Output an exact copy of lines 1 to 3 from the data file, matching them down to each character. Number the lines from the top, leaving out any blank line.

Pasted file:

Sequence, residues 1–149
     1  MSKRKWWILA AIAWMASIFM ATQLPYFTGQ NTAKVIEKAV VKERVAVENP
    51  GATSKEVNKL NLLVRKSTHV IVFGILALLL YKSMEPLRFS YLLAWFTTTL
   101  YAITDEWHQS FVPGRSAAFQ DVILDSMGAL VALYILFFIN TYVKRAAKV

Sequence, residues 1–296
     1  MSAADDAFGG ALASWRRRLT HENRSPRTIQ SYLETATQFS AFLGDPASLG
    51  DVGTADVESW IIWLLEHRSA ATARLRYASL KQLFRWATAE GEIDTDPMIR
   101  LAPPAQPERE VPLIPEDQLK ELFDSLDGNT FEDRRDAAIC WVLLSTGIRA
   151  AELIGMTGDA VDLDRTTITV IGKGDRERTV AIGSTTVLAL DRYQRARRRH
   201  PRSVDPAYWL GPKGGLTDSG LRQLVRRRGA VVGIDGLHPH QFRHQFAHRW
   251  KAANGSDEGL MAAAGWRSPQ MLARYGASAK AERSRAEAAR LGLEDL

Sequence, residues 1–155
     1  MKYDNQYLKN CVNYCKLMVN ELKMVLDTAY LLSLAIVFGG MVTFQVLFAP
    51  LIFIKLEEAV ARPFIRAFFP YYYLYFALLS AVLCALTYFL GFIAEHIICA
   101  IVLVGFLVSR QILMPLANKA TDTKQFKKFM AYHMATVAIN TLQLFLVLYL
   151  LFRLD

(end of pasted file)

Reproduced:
Sequence, residues 1–149
     1  MSKRKWWILA AIAWMASIFM ATQLPYFTGQ NTAKVIEKAV VKERVAVENP
    51  GATSKEVNKL NLLVRKSTHV IVFGILALLL YKSMEPLRFS YLLAWFTTTL